Before the holidays, a colleague of mine shared a fascinating story from a recent episode of 60 Minutes.
Chris Downey is an architect, husband and father who became blind in his mid 40’s. He was immediately advised to start thinking about a new career. Downey didn’t want to do something else. Being an architect was his passion and he refused to let blindness stop him.
So, undeterred, he figured out ways to not only continue being an architect, but in his own words, become a better one. He utilizes Braille printouts, malleable wax and his own observations as a blind man navigating the world to make more accessible buildings for everyone.
Check out the video:
I can’t imagine going through what Mr. Downey went through, but seeing how he dealt with the challenge is truly inspiring. Developing a disability doesn’t automatically shut off all your interests, hobbies, passions, etc. Like I’ve said before, I love video games. Were I to lose my sight, I wouldn’t all of a sudden not want to play them anymore. I’d want to figure out any way to experience them and would be hoping that as many game developers as possible would make their products accessible.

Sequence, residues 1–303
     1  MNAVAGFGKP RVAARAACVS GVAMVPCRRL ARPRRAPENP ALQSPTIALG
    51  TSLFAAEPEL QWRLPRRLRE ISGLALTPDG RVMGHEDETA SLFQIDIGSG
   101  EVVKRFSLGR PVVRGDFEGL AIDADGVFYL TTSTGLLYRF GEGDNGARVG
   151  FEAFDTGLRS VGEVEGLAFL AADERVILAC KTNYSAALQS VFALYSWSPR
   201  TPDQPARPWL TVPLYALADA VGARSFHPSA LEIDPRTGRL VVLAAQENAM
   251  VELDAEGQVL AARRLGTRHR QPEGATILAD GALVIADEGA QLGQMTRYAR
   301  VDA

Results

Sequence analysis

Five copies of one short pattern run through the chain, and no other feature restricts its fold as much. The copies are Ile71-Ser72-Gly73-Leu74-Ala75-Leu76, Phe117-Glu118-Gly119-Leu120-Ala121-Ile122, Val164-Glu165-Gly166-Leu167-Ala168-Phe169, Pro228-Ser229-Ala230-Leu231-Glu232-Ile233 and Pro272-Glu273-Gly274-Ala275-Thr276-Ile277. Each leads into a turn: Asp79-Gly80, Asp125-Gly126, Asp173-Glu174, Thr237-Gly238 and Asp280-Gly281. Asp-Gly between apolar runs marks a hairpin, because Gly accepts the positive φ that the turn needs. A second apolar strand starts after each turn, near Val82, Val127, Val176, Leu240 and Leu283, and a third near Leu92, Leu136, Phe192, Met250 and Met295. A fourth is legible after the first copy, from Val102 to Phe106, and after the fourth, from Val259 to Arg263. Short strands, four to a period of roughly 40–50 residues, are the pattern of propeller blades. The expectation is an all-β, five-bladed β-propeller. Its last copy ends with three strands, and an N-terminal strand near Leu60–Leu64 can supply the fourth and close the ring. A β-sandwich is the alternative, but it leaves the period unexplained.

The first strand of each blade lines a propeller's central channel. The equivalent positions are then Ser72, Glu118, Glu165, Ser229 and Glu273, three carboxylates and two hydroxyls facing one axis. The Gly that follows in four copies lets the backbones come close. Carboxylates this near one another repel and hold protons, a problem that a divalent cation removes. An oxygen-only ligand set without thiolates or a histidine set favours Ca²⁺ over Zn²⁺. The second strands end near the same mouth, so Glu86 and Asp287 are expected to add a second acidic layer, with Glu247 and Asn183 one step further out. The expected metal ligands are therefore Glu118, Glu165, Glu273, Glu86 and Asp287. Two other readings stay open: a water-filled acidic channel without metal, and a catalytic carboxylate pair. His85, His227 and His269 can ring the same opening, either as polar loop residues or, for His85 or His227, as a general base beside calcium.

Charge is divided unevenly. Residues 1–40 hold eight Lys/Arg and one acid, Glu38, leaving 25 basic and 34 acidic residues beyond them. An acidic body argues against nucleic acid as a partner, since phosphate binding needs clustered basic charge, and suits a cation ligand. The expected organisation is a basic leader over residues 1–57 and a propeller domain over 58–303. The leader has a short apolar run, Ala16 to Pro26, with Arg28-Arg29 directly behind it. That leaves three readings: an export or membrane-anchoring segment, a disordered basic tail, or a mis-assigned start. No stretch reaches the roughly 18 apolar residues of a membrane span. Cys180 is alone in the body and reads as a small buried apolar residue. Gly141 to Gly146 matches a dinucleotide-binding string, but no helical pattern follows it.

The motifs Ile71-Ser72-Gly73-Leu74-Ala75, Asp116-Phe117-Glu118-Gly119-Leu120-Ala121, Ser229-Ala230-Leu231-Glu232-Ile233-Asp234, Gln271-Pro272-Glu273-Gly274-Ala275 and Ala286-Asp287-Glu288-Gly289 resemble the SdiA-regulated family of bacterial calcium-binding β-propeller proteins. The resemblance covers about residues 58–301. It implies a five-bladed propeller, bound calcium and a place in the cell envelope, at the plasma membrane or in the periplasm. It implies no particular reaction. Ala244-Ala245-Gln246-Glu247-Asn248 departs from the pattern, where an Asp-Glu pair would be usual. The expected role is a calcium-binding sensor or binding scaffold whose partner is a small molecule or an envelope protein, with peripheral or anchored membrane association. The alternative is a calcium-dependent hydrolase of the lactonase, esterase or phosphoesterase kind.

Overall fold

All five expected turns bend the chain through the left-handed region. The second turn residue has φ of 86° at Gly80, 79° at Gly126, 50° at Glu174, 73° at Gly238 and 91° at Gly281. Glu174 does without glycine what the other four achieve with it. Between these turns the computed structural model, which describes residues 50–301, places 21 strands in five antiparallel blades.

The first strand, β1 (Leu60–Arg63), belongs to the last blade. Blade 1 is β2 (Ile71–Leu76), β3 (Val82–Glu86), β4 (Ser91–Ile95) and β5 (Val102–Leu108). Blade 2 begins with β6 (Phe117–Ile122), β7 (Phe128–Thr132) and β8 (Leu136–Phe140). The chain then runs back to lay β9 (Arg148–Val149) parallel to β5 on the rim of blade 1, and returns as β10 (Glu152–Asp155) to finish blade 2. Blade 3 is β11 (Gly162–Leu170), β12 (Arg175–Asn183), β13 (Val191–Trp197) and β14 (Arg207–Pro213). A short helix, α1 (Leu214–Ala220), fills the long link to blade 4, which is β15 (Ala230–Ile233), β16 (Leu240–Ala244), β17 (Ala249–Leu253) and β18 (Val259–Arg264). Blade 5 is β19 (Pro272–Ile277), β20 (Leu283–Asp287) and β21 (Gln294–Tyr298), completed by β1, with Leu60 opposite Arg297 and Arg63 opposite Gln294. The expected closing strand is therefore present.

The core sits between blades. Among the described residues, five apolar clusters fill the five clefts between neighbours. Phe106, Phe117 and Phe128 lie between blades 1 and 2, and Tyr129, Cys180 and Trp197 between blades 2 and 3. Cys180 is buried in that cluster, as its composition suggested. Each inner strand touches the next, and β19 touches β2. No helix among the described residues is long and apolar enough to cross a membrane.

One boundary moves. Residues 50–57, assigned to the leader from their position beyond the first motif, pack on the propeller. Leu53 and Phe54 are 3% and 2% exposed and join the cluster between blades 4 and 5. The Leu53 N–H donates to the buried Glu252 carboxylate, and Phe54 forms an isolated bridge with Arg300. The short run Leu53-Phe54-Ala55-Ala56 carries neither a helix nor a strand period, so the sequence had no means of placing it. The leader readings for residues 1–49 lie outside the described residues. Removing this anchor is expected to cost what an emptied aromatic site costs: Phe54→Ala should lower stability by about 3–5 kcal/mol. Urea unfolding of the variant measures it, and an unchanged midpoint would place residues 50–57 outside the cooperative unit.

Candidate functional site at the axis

Downey not only figured out ways to continue his career, but blindness gave him perspective he or any sighted person didn’t have. It truly made him a more accessibility-minded architect. And he’s seeking to create experiences that are usable and enjoyable for everybody – not just blind people.
You don’t have to join the ranks of a certain disability to be able to design better for it. We should learn more about all users of products, including those with obstacles of any kind. Some methods include interviewing, observing and user testing with disabled users.